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: Who can get a COVID booster shot, and where do you get one? Here’s what we know so far

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After months of speculation about COVID-19 booster shots, the Biden administration is rolling out a plan to get fully vaccinated Americans another shot in the arm as early as next month. 

Federal health officials announced Wednesday that a third dose of the COVID-19 shots developed by Moderna
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and Pfizer
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will start to be available the week of Sept. 20 for Americans who have been fully vaccinated for at least eight months. But the move is pending an evaluation from the Food and Drug Administration (FDA) and a recommendation from the Centers Disease Control and Prevention (CDC) Advisory Committee on Immunization Practices.

“We have a responsibility to give the maximum amount of protection,” President Biden said in a press conference late Wednesday afternoon. “This will boost your immune response, will increase your protection from COVID-19, and it’s the best way to protect ourselves from new variants that could arise.”

The first round of boosters is likely intended for the same folks who were first in line during the initial vaccine rollout, including many health care providers, nursing home residents and senior citizens who are more vulnerable to COVID-19 and/or at risk of suffering more severe illness or death, particularly as the more infectious delta variant has led to a recent resurgence in cases and hospitalizations.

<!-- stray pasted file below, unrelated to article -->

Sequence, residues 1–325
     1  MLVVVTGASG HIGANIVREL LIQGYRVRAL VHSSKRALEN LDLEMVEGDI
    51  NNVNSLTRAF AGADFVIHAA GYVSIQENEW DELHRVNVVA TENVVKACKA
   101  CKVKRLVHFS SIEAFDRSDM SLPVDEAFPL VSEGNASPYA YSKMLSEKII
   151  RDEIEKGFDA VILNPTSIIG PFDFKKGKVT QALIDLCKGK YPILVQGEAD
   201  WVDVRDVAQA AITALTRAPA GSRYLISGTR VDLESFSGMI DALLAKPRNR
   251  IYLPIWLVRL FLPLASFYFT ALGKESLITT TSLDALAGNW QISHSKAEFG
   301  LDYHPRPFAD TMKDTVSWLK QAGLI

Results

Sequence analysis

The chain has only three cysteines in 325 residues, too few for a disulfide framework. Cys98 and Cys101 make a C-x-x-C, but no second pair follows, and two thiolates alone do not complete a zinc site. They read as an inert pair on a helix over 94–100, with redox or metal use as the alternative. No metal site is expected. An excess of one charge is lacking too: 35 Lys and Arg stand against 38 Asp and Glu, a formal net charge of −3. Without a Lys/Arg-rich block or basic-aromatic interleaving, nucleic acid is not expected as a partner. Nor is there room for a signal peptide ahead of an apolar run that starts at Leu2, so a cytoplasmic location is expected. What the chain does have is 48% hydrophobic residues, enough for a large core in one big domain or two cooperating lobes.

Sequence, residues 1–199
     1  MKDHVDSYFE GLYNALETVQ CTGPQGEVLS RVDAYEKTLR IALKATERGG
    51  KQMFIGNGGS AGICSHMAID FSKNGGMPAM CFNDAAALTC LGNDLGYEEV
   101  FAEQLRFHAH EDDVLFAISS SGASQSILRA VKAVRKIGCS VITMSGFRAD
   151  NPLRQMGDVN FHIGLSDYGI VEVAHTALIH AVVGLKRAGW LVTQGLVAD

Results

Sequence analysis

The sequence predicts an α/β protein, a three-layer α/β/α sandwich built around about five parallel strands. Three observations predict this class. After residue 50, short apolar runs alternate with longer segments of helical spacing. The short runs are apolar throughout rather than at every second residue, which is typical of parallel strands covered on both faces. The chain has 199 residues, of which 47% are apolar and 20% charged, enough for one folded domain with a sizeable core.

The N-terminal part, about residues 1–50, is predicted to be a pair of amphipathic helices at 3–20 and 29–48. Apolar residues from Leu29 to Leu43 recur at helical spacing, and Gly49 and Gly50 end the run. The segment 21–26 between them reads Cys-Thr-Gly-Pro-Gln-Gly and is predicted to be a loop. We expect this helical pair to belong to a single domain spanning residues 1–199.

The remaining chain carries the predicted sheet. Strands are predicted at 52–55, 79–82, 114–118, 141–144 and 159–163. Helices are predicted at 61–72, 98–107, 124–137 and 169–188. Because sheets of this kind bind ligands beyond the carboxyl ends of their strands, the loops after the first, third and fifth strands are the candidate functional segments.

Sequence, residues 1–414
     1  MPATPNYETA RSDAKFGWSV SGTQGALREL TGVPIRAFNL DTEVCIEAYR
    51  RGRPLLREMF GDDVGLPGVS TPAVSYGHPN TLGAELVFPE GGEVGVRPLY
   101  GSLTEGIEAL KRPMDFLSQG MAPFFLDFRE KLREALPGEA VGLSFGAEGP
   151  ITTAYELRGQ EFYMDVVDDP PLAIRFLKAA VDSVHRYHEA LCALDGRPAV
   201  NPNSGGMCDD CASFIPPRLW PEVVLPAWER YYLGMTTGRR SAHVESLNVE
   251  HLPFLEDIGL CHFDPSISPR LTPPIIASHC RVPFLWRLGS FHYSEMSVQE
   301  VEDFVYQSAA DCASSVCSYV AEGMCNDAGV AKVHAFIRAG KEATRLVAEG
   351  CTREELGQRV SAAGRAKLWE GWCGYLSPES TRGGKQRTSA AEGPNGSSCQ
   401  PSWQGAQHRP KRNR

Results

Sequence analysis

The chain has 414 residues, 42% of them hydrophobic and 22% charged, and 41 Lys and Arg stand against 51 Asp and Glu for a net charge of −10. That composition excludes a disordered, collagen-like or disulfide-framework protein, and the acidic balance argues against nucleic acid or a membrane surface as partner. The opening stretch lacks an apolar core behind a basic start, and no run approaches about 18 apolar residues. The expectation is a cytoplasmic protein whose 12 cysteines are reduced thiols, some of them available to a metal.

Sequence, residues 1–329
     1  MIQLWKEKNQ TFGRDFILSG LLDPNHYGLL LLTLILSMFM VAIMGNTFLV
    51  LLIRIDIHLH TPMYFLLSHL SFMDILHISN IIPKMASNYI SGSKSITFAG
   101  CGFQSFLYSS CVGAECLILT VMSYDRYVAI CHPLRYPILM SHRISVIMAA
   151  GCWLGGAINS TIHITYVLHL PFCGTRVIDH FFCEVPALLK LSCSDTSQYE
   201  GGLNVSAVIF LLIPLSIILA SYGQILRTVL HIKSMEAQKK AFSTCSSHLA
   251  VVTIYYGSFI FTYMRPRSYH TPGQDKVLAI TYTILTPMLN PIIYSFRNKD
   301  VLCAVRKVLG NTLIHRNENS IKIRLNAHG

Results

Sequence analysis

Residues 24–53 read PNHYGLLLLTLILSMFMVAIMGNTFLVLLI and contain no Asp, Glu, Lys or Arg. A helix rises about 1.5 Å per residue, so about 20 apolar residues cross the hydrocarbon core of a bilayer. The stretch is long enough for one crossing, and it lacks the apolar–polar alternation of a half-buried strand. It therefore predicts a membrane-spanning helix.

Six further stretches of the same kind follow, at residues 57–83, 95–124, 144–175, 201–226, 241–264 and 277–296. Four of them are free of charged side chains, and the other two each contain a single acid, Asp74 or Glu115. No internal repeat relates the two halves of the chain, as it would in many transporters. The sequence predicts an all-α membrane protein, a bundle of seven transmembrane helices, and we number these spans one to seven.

Read more: People in the U.S. who were vaccinated with Moderna and Pfizer’s COVID-19 vaccines will be eligible for a third dose in September

“The plan is for the rule to be simple: Get your booster shot eight months after you got your second shot,” said White House coronavirus response coordinator Jeff Zients in a press briefing to discuss third doses of the mRNA vaccines. While the officials also anticipate boosters for recipients of the single-dose Johnson & Johnson vaccine down the line, they are not recommending extra shots for these people at present.

They also don’t want everyone running out to get their third jabs immediately. Zients added that, “We are not recommending that you go out and get a booster today. Instead, starting the week of Sept. 20, fully vaccinated adults can begin getting their booster shots eight months after their second shot of an mRNA vaccine.” 


“We are not recommending that you go out and get a booster today.”


— White House coronavirus response coordinator Jeff Zients

President Biden said that getting booster shots “will be easy,” and he expects to about 100,000 booster shots will be administered in the U.S. this fall and early winter.